[Python-Dev] Making mutable objects readonly

Tim Peters tim.one@home.com
Wed, 31 Jan 2001 18:25:54 -0500

> Is a frozen list hashable?

> Yes -- that's what started this thread (using dicts as dict keys,
> actually).

Except this doesn't actually work unless list.freeze() recursively ensures
that all elements in the list are frozen too:

>>> hash((1, 2))
>>> hash((1, [2]))
Traceback (most recent call last):
  File "<stdin>", line 1, in ?
TypeError: unhashable type

That bothered me in Eric's original suggestion:  unless x.freeze() does a
traversal of all objects reachable from x, it doesn't actually make x safe
against modification (except at the very topmost level).  But doing such a
traversal isn't what *everyone* would want either (as with "const" in C, I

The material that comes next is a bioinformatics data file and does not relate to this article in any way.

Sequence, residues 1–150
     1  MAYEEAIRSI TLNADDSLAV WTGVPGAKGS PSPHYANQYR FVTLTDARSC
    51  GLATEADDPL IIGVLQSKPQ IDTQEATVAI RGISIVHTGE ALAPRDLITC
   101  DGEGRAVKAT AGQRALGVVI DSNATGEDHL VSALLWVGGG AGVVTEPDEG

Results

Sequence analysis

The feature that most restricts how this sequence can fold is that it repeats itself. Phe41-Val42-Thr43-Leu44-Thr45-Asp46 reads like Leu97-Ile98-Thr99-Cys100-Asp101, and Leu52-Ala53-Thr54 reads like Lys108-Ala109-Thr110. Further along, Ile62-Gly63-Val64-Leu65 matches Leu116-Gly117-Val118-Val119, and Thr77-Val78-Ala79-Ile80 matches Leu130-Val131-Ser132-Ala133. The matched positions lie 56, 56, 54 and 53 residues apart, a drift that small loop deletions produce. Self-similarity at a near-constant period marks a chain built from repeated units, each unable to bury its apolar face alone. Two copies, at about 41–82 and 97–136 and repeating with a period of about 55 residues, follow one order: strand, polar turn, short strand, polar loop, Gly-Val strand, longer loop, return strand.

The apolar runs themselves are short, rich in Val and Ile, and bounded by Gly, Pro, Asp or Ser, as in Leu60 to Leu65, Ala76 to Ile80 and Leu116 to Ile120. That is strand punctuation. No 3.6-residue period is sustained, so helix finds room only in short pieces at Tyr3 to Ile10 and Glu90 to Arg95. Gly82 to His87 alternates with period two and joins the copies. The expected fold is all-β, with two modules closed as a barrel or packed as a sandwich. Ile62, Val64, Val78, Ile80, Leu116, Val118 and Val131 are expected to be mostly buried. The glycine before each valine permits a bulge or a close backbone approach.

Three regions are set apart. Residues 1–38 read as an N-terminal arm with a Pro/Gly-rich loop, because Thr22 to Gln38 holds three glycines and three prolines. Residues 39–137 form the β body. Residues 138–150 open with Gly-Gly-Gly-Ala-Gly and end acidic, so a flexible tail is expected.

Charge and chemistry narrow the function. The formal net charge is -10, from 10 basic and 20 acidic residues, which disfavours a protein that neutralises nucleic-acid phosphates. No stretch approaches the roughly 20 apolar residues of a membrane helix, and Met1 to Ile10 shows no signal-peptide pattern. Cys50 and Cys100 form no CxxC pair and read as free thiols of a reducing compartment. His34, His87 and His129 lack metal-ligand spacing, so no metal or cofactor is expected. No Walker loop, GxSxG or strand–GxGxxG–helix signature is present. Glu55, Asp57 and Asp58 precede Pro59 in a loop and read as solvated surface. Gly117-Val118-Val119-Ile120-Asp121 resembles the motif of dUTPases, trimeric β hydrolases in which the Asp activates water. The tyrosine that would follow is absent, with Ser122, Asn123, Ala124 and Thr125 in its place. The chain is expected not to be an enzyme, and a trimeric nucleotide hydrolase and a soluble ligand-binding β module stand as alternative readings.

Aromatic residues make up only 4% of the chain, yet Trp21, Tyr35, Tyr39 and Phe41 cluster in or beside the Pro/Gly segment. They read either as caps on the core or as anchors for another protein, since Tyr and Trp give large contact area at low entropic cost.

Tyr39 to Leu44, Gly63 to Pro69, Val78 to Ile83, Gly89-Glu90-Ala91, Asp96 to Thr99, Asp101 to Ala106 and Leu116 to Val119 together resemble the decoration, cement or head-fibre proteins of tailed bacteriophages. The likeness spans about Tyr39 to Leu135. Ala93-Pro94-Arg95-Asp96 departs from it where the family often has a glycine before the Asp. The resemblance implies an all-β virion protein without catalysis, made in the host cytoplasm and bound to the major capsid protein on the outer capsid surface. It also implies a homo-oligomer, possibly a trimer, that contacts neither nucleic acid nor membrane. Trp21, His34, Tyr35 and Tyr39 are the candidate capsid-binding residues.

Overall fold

expect the primary benefit would be the chance to spend countless hours
worming around it in both directions <wink>).

> If you want immutable dicts or lists in order to use them as
> dictionary keys, just serialize them first:
>     survey_says = {"spam": 14, "eggs": 42}
>     sl = marshal.dumps(survey_says)
>     dict[sl] = "spam"

marshal.dumps(dict) isn't canonical, though.  That is, it may well be that
d1 == d2 but dumps(d1) != dumps(d2).  Even materializing dict.values(), then
sorting it, then marshaling *that* isn't enough; e.g., consider {1: 1} and
{1: 1L}.  The latter example applies to marshaling lists too.